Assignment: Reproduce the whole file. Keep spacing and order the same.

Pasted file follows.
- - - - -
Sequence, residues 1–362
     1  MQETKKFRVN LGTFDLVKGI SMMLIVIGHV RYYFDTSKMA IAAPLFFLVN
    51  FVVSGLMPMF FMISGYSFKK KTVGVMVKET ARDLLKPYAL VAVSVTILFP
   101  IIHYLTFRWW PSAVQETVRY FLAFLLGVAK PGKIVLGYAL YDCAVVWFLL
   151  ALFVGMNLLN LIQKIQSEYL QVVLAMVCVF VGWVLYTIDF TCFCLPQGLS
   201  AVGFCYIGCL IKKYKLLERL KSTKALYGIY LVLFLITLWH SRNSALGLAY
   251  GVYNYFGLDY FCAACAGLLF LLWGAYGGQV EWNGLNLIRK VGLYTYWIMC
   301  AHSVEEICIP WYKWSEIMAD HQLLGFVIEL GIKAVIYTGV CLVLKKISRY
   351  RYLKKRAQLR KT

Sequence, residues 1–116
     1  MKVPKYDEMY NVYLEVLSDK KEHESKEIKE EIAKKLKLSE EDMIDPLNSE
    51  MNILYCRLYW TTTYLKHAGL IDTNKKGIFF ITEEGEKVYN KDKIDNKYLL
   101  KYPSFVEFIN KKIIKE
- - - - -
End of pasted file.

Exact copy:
Sequence, residues 1–362
     1  MQETKKFRVN LGTFDLVKGI SMMLIVIGHV RYYFDTSKMA IAAPLFFLVN
    51  FVVSGLMPMF FMISGYSFKK KTVGVMVKET ARDLLKPYAL VAVSVTILFP
   101  IIHYLTFRWW PSAVQETVRY FLAFLLGVAK PGKIVLGYAL YDCAVVWFLL
   151  ALFVGMNLLN LIQKIQSEYL QVVLAMVCVF VGWVLYTIDF TCFCLPQGLS
   201  AVGFCYIGCL IKKYKLLERL KSTKALYGIY LVLFLITLWH SRNSALGLAY
   251  GVYNYFGLDY FCAACAGLLF LLWGAYGGQV EWNGLNLIRK VGLYTYWIMC
   301  AHSVEEICIP WYKWSEIMAD HQLLGFVIEL GIKAVIYTGV CLVLKKISRY
   351  RYLKKRAQLR KT

Sequence, residues 1–116
     1  MKVPKYDEMY NVYLEVLSDK KEHESKEIKE EIAKKLKLSE EDMIDPLNSE
    51  MNILYCRLYW TTTYLKHAGL IDTNKKGIFF ITEEGEKVYN KDKIDNKYLL
   101  KYPSFVEFIN KKIIKE